History of Little League
Carl Stotz, a resident of Williamsport, Pennsylvania, founded Little League Baseball in 1939. He began experimenting with his idea in the summer of 1938 when he gathered his nephews, Jimmy and Major Gehron and their neighborhood friends. They tried different field dimensions over the course of the summer and played several informal games. The following summer Stotz felt that he was ready to establish what later became Little League Baseball. The first league in Williamsport had just three teams, each sponsored by a different business. The first teams, Jumbo Pretzel, Lycoming Dairy, and Lundy Lumber, were managed by Carl Stotz and two of his friends, George and Bert Bebble. The men, joined by their wives and another couple, formed the first-ever Little League Board of Directors. Stotz' dream of establishing a baseball league for boys to teach fair play and teamwork had come true.
The first League game took place on June 6, 1939. Lundy Lumber defeated Lycoming Dairy, 23-8. Lycoming Dairy came back to claim the leaguechampionship. They, the first-half-season champions, defeated Lundy Lumber, the second-half champs, in a best-of-three season-ending series. The following year a second league was formed in Williamsport, and from there Little League Baseball grew to become an international organization of nearly 200,000 teams in every U.S. state and over 80 countries around the world.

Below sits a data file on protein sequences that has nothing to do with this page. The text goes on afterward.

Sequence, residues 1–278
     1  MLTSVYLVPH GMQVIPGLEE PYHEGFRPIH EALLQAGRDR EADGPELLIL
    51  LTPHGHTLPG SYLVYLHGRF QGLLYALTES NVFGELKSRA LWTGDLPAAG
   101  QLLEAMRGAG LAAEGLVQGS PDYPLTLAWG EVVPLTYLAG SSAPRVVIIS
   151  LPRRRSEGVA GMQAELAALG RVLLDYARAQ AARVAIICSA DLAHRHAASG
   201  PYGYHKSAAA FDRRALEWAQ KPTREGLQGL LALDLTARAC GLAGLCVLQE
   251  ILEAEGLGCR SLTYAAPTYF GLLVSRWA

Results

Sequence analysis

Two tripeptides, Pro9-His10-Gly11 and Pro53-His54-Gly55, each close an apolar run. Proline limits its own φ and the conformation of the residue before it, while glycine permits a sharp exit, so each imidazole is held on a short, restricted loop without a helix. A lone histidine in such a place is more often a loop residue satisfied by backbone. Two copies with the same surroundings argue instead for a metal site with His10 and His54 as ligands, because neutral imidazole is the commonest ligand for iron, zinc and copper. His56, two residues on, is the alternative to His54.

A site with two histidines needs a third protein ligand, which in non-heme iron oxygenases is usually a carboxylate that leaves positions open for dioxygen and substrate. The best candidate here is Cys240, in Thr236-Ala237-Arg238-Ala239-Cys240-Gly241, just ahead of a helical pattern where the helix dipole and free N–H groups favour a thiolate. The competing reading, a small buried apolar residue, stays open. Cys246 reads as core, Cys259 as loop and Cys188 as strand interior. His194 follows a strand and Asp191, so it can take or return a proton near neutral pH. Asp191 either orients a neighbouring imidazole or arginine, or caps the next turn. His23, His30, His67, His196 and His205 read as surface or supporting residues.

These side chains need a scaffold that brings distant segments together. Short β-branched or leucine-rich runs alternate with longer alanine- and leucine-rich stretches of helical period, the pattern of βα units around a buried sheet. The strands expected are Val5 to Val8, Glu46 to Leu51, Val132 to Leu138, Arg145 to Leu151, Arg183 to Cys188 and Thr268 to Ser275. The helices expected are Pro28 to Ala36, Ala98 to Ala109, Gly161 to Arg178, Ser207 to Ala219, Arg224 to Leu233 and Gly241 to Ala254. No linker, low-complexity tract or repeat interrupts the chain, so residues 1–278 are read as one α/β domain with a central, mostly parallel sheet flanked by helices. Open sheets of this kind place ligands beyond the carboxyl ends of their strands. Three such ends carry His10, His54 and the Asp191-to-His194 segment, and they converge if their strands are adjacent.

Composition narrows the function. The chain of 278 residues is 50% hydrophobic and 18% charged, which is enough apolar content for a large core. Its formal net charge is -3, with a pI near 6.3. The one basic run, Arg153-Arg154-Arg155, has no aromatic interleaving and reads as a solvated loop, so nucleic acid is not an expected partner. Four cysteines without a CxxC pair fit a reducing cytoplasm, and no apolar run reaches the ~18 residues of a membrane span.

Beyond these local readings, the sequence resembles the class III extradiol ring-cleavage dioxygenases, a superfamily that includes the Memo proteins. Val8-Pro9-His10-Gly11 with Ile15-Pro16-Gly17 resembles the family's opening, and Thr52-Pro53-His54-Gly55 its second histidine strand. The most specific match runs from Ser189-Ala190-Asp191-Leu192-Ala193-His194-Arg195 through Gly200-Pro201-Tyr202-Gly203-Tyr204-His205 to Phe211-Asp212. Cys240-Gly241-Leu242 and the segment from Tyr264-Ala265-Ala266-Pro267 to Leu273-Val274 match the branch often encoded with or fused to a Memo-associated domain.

From 1951 through 1973, Little League was for boys only. In 1974, Little League rules were revised to allow participation by girls in the baseball program following the result of a lawsuit filed by the National Organization for Women on behalf of Maria Pepe.
According to the Little League Baseball and Softball participation statistics following the 2008 season, there were nearly 2.6 million players in Little League Baseball worldwide, including both boys and girls, including 400,000 registered in Softball (also including both boys and girls). For tournament purposes, Little League Baseball is divided into 16 geographic regions; eight National and eight international. Each summer, Little League operates seven World Series tournaments at various locations throughout the U.S. (Little League softball and Junior, Senior, and Big League baseball and softball).